The separate HGV drivers' amenity building would contain separate units for a food offer, a coffee shop, a retail store and a game arcade. This unusual layout with the site split around the motorway allows the traffic flow to be split across two roads, operating anti-clockwise around the junction. This means there is no need to turn right across the busy A630. It also reduces the impact on the environment by nestling into a tighter space. The down-side is that no matter whether you are heading north or south along the M1, at some point you would need to turn right around a large section of the busy roundabout.
In total 498 car parking spaces would be provided, including 30 disabled, as well as space for 19 motorbikes, 67 lorries, 15 coaches and 18 caravans (as of 2017). 13 spaces have been identified for electric vehicle charging, although that is subject to change as the demand keeps moving forward. Additional car parking spaces would be provided next to the HGV building. 300 jobs would be created as part of the project.
The Applegreen plan had the advantage that it was designed under newer regulations, which were much more relaxed about what a motorway service area could offer. However, Applegreen still had to overcome the issue of access to the site, which had proven to be a stumbling block for many of their proposals.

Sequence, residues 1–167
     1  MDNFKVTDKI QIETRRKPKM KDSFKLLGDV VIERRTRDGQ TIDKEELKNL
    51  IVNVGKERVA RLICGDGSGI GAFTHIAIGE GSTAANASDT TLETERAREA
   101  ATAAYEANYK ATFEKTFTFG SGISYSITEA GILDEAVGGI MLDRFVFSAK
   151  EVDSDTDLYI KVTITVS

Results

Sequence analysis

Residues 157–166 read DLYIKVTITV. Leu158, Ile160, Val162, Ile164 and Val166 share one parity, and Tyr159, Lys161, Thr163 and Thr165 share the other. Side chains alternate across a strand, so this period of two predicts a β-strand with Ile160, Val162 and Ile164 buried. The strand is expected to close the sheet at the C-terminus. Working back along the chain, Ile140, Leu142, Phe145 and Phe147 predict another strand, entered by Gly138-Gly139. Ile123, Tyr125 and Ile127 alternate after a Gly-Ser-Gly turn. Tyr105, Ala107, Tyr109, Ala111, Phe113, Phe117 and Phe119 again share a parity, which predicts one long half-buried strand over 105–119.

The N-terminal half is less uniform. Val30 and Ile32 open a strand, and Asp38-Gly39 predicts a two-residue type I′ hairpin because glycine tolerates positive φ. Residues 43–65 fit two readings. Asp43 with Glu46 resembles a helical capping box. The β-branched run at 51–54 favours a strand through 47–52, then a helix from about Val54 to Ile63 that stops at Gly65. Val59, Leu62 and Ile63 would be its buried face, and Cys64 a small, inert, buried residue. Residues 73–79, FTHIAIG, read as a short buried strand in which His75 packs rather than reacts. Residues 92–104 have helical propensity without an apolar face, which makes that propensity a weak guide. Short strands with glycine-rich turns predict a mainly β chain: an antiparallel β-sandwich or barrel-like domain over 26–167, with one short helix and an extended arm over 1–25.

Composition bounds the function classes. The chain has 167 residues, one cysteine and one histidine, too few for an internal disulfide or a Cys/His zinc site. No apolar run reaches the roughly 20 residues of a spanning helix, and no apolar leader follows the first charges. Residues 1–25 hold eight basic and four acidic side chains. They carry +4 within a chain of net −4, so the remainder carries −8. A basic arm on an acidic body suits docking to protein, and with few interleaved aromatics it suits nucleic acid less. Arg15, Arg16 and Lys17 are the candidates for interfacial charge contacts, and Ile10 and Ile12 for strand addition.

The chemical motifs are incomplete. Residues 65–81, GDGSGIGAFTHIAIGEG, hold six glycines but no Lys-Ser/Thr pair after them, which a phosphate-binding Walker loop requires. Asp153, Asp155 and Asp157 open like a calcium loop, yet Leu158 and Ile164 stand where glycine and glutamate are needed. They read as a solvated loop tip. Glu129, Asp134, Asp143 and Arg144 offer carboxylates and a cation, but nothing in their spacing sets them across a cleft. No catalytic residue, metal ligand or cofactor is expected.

See also: M1 Planning Applications
The land here had previously held planning permission for use as two hotels, a pub-restaurant and a petrol station. With more development opening up in this area, it seemed inevitable that the land would be converted to retail use at some point.
Applegreen went public with their proposal in March 2017. This was one of many they made to try to break into the UK motorway service area market, before acquiring Welcome Break. Under the original assessment, Welcome Break's nearby Woodall services would have been a competitor.
Extra objected to the Applegreen plan, as did the Sheffield Chamber of Commerce.
In November 2019, the Applegreen Rotherham plan was approved. Rotherham Borough Council were thought to have been won over by the proposed junction improvements, despite some objectors arguing that it would divert investment away from other areas. The reserved matters application was submitted to the authority in June 2021.